David (Dave) Charles has always loved working with his hands. Born in Southern California, Dave spent some time in Washington with the Navy. When he was through with his tour of duty, Dave was unable to find work in California and since he had married a woman from here, Priscilla, they decided to move to Thurston County. They have lived in Lacey for the past 16 years.

When he was in high school, Dave studied various art forms. As an adult, he has had a variety of jobs, including two years silversmithing. Other jobs have included being a carpenter, a rigger at a shipyard and even a golf course superintendent at a small golf course where he constructed buildings, took down trees and fixed the plumbing. “I really have always worked with my hands,” he says.

After a heart attack at 32-years-old left him medically retired, he became extremely bored. “Watching him not work was painful,” his daughter Melissa chimes in. “He was grumpy.”

Woodturner Dave Charles
Another bowl made of maple burl locally sourced. Photo courtesy: Dave Charles

“I reached a point that I was going nuts not having enough to do,” he says. “I was used to working long hours and I had been a laborer all my life. My father said, ‘I have this small lathe, do you want it?’ And I said, ‘Sure, I’ll try anything.’ So he brought it up and showed me the basics.” That was the summer of 2005. Since then, Dave has self-taught himself the amazing craft of woodturning.

For his own craft, Dave specializes in making things out of pieces of wood that others have discarded. “People give me pieces of wood that they don’t know what to do with and I make things out of them,” he says. “Like a sliver of wood that they can’t use, or maybe a piece that has some rot in it.” To use these pieces, he sometimes has to fix the rot while it’s turning. He does this by gluing shavings and sometimes coffee grounds with super glue into the wood as he turns the piece.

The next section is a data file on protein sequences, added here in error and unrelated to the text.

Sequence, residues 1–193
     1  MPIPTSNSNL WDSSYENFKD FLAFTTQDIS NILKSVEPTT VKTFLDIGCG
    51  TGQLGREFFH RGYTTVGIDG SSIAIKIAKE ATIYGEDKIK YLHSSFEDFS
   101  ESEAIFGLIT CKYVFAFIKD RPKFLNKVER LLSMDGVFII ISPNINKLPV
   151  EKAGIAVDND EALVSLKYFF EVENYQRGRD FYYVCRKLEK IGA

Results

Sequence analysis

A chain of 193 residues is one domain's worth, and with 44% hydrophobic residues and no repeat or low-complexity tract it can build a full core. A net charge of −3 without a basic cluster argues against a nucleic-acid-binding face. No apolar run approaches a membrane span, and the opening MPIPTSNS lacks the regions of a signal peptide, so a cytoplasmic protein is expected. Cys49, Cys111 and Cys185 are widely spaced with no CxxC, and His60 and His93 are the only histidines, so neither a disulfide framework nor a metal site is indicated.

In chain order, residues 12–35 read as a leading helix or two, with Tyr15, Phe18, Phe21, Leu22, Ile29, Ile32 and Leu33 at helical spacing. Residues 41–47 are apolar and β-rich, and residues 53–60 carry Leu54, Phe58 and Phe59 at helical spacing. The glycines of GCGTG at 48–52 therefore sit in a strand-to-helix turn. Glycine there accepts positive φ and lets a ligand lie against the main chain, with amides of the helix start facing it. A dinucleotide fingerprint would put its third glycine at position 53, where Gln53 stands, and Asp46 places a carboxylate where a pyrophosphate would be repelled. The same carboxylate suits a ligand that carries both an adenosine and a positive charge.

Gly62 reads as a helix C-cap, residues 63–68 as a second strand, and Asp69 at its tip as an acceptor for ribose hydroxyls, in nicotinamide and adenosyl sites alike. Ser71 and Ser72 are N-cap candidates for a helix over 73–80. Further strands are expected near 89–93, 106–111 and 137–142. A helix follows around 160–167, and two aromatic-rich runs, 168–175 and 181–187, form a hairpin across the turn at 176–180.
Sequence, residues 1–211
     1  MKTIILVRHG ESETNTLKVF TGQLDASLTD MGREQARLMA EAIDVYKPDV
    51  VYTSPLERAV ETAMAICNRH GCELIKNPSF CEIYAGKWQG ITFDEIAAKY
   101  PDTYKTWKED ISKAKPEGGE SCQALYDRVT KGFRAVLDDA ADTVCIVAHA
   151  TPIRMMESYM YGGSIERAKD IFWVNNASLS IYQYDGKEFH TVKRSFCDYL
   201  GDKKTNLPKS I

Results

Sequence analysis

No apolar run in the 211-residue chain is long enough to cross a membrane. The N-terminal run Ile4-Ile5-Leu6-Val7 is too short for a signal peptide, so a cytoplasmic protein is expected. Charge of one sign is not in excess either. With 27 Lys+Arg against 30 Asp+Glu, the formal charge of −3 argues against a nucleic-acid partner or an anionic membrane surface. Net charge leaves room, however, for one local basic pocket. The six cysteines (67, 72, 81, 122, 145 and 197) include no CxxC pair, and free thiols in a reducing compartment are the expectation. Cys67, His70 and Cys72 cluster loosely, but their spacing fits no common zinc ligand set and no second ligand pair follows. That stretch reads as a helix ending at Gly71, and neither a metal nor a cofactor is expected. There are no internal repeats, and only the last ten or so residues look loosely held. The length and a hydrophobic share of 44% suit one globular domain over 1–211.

Woodturner Dave Charles
This is also maple burl, like the lighthouse. They were both locally sourced. Burl is a favorite wood of turners and is the part of the tree that is knotted or twisted from injury. Photo credit:
Dave Charles

The other thing unique about Dave is that he doesn’t design. He lets the lathe create as he goes. “I put a piece of wood on the lathe and I know it’s going to be a bowl and that’s all I know,” he explains. “I don’t know what shape it’s going to be until I’m done. And it can change shape as it goes.”

Dave explains that each species of tree acts differently on the lathe and so does each individual tree, depending on the stresses it grew under. “The ripples in the wood are all affected by the stress and the age of the tree and how those stresses are put into the wood can affect how you get a product out of the wood,” he adds. “It will cause the wood to change shape differently than another tree grown right next to it. No two trees will ever be alike.”

Woodturner Dave Charles
A Corian birdhouse that he turned with an adorable bird. He adds birds to all his birdhouses. Photo credit: Dave Charles

He can make just about anything, and he does. From simple bowls and plates to goblets and Christmas ornaments. He also makes funerary urns. His wife has an amazing lighthouse he made for her. He has made birdhouses and even a hot air balloon (another one of his wife’s favorites). He also plays with turning Corian and has made ornaments, belles and spinning tops with it.